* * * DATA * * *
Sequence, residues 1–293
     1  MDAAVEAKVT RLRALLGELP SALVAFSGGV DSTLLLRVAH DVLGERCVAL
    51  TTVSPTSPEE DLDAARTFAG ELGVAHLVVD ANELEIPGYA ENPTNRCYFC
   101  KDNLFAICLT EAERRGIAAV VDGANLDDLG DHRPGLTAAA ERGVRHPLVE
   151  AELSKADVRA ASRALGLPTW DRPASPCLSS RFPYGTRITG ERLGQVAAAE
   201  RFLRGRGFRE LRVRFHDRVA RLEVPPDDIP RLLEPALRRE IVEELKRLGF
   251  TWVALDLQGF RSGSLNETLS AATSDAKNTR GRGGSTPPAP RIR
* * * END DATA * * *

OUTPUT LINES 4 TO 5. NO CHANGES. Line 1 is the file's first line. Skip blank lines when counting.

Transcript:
   101  KDNLFAICLT EAERRGIAAV VDGANLDDLG DHRPGLTAAA ERGVRHPLVE
   151  AELSKADVRA ASRALGLPTW DRPASPCLSS RFPYGTRITG ERLGQVAAAE